Long-term guided wave structural health monitoring in an uncontrolled environment through long short-term principal component analysis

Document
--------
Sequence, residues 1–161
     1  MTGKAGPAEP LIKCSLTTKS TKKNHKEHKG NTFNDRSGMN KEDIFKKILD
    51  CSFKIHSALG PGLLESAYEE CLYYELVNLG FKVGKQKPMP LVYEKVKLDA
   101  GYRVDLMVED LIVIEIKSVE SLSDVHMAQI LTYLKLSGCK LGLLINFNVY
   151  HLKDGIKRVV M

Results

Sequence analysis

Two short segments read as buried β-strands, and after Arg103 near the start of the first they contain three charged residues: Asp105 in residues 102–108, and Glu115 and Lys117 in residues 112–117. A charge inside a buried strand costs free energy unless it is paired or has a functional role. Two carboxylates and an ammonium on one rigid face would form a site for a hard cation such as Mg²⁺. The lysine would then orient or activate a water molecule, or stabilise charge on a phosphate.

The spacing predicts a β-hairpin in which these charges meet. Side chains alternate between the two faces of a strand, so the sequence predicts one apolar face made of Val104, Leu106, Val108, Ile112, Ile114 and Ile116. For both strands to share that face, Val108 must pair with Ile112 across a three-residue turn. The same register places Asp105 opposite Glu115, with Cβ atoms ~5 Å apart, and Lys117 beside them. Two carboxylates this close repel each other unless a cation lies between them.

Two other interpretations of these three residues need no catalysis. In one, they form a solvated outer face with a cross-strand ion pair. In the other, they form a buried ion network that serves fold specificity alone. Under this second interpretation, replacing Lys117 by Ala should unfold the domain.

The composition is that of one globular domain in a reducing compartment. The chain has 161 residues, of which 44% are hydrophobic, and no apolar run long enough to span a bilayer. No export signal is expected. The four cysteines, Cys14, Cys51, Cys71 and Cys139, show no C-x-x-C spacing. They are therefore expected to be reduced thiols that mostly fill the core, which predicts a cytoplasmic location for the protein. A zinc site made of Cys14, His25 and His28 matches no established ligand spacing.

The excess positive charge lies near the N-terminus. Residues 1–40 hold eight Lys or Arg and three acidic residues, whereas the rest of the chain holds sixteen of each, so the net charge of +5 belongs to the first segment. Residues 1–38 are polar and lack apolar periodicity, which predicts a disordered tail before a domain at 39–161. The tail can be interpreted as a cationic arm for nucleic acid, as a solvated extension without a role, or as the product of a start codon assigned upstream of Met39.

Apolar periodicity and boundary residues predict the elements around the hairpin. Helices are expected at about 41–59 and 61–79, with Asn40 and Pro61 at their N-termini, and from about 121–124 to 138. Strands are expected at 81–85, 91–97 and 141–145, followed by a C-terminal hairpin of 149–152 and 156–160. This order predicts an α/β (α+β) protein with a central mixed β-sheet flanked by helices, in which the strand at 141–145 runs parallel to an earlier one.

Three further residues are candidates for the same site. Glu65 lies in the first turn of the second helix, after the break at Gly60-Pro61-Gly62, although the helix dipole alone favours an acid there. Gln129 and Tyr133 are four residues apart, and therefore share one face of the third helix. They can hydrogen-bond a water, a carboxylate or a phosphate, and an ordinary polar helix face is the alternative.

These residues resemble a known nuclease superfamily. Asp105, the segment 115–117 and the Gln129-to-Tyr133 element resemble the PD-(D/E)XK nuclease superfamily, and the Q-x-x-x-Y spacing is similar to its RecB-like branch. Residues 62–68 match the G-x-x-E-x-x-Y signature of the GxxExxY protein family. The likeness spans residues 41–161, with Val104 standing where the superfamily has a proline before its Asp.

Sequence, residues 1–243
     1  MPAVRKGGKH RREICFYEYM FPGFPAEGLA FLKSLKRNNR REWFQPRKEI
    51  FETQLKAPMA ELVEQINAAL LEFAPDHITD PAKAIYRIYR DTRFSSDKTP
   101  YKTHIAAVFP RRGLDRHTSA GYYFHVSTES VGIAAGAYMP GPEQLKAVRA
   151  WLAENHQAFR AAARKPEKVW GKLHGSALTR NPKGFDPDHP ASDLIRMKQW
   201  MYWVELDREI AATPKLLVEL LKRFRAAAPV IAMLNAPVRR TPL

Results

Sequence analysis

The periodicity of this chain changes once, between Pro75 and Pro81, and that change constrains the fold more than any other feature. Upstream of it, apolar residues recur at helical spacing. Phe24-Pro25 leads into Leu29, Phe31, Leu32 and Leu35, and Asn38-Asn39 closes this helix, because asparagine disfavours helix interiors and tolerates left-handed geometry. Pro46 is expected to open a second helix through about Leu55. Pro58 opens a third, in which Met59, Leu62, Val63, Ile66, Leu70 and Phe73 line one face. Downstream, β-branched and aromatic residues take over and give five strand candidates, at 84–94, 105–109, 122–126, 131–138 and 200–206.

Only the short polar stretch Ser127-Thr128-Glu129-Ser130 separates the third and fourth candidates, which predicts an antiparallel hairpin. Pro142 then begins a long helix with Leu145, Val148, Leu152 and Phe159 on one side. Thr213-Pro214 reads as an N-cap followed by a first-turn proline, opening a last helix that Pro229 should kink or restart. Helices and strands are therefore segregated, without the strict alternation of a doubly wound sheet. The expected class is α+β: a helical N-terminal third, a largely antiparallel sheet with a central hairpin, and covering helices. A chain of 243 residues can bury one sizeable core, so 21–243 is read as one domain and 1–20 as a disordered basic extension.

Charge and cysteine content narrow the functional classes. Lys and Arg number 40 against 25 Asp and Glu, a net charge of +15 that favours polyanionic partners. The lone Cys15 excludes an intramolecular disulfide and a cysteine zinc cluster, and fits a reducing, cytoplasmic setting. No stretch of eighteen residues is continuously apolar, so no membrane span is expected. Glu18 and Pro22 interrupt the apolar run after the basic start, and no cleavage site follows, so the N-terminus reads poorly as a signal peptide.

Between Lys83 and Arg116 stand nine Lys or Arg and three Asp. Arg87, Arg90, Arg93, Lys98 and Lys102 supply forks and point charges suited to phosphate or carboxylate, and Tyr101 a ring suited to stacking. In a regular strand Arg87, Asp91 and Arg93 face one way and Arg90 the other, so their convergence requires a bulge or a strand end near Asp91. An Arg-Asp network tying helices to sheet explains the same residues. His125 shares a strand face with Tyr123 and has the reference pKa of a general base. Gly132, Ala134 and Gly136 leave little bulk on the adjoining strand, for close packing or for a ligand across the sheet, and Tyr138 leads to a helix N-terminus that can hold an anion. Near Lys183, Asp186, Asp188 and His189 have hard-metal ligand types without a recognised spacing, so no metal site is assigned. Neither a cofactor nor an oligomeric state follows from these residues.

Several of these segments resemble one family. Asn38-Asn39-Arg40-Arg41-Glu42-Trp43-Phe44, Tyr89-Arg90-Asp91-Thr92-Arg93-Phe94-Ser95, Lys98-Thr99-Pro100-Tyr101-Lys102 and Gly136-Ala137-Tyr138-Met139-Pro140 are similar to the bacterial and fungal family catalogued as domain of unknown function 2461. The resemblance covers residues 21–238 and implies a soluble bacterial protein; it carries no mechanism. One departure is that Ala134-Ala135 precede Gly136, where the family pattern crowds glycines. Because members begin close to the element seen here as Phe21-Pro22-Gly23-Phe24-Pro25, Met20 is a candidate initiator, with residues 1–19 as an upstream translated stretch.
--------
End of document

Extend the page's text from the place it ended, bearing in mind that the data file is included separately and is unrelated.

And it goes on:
Environmental effects are a significant challenge in guided wave structural health monitoring systems. These effects distort signals and increase the likelihood of false alarms. Many research papers have studied mitigation strategies for common variations in guided wave datasets reproducible in a lab, such as temperature and stress. There are fewer studies and strategies for detecting damage under more unpredictable outdoor conditions. This article proposes a long short-term principal component analysis reconstruction method to detect synthetic damage under highly variational environments, like precipitation, freeze, and other conditions. The method does not require any temperature or other compensation methods and is tested by approximately seven million guided wave measurements collected over 2 years. Results show that our method achieves an area under curve score of near 0.95 when detecting synthetic damage under highly variable environmental conditions.